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Businesses are increasingly turning to more nontraditional hiring arrangements, but freelancers, independent contractors and other flexible workers come with their own set of compliance risks.
A few factors are influencing this shift toward more flexible workforces, Stephane Kasriel, chief executive officer of freelancing website Upwork, told Bloomberg BNA March 2. The supply of labor is changing as millennials and younger workers “have a very different perspective on what a job looks like,” he said.
In this environment, if a company wants to hire top talent from the pool of new workers, it may have to look at flexible worker populations, Kasriel said.
The rapid evolution of skill sets needed in the workplace is also influencing this hiring shift, Kasriel added. Skill sets are changing so rapidly that companies need employees who have the skills for short projects and assignments that need to be completed quickly, he said.
Companies plan to increase their use of freelancers in 2017, according to research commissioned by Upwork. One-third of companies used freelancers in 2016, and 55 percent of those employers expect to have more freelancers in 2017.
Some 64 percent of hiring managers believe they use freelancers at least somewhat strategically, Upwork found. However, many employers are still trying to figure out the right hiring balance, as 77 percent of hiring managers said there is still at least some room for improvement in their use of freelancers.
The survey was conducted by independent research firm Inavero, and is based on responses from more than 1,000 U.S. hiring managers between Dec. 1, 2016, and Dec. 10, 2016.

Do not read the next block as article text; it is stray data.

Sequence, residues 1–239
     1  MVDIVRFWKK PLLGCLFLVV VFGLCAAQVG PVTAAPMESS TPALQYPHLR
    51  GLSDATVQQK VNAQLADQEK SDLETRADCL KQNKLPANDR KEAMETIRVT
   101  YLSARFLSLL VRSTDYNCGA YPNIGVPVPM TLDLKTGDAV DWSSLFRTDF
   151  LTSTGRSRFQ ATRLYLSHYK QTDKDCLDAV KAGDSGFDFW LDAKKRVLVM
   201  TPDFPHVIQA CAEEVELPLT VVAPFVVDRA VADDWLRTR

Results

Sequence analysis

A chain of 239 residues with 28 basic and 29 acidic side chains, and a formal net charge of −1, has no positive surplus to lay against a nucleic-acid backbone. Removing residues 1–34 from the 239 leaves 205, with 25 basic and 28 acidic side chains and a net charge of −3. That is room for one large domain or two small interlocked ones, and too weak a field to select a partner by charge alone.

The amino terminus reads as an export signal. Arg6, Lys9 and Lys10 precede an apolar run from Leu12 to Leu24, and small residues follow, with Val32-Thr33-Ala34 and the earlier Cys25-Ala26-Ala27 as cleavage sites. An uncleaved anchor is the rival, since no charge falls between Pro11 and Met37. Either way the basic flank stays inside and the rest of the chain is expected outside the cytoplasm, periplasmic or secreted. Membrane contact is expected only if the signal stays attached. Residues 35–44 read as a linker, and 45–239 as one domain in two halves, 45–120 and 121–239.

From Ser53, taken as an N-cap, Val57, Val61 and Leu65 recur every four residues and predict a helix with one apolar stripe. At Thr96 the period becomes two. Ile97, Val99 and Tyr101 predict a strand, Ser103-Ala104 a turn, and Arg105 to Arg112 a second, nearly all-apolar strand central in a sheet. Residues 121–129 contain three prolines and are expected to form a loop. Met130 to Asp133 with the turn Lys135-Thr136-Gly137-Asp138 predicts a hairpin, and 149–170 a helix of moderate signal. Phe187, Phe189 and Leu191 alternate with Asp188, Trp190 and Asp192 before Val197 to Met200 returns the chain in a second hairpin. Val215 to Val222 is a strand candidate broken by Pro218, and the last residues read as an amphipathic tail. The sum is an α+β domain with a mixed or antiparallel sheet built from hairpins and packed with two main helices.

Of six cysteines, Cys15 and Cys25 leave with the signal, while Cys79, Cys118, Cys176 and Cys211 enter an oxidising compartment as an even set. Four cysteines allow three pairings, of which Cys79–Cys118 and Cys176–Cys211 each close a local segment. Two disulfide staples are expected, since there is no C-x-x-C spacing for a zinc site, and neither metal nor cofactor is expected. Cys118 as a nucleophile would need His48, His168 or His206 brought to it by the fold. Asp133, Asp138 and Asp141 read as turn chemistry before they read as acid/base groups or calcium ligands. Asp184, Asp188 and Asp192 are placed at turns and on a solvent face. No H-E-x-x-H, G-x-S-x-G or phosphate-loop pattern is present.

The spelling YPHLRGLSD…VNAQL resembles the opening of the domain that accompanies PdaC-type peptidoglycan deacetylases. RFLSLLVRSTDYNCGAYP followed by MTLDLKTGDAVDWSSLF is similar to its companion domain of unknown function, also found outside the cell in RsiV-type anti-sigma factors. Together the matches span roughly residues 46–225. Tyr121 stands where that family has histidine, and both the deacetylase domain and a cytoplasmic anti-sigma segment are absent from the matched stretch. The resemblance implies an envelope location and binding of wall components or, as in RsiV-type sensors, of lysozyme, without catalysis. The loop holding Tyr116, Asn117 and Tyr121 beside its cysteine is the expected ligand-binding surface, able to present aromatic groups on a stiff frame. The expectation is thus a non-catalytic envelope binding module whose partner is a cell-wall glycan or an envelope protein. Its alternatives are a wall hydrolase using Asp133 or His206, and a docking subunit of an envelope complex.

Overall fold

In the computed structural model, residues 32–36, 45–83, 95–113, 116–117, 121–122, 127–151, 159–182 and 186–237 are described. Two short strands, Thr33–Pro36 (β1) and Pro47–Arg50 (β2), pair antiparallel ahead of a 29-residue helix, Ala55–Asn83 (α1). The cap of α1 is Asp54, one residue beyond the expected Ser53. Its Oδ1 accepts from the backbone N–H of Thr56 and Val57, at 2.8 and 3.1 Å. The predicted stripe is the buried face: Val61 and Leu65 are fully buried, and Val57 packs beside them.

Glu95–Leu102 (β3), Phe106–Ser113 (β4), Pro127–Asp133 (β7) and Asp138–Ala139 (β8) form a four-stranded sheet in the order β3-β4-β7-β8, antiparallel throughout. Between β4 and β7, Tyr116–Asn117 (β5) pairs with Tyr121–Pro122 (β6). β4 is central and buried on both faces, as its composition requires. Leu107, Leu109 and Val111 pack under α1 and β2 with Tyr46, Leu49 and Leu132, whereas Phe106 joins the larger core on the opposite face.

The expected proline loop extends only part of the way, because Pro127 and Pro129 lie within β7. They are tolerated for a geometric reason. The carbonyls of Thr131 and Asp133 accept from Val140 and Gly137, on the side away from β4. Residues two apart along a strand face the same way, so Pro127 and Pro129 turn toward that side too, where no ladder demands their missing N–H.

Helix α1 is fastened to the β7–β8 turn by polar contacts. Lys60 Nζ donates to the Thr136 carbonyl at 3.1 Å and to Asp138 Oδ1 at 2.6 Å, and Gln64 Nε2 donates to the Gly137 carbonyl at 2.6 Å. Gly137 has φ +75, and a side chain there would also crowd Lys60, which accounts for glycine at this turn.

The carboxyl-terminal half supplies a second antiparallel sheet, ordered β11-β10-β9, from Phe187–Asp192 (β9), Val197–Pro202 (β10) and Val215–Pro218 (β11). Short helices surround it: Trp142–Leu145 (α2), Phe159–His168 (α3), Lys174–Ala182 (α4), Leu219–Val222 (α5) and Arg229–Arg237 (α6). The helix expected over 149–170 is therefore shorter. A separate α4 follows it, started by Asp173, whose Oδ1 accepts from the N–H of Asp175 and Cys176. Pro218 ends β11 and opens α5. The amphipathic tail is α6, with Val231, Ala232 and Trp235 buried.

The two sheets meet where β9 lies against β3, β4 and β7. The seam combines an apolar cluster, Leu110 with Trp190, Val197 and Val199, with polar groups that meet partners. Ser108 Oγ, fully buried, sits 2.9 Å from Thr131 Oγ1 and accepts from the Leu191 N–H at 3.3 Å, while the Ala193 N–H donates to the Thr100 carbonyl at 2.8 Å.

While the benefits of a flexible workforce may make sense for many companies, employers “should definitely not go into contracting and freelancing employment blindly,” Lillian Chaves Moon, a partner in Akerman LLP’s Labor and Employment Practice Group in Orlando, Fla., told Bloomberg BNA March 3.
The Department of Labor, the Equal Employment Opportunity Commission and the Internal Revenue Service all made addressing joint employer issues a priority under the Obama administration and it could remain a priority under President Donald Trump, Chaves Moon said.
Typically, a Republican administration focuses on compliance assistance, rather than enforcement of employment regulations, but “this transition will happen slowly,” Chaves Moon said. Overall, “I don’t see it as being a huge change” in regulatory focus because joint employer issues speak to the basics of many labor laws, she added.
The key issue for employers is to understand that just because the company has labeled a worker as a freelancer or contract employee, employers still must make sure they are not in control of that individual’s work, Chaves Moon said.
Employers should strive to give the worker as much flexibility as possible, she said. For example, freelancers should be hired on a specific project, for jobs that are not necessarily integral to the company, and into a position that the employer wouldn’t typically hire someone to do full-time, Chaves Moon said.
One of the key strategies to keeping flexible workers from becoming classified as employees is making clear the company’s interest in the end product rather than in the method the worker uses to accomplish the project, she said.
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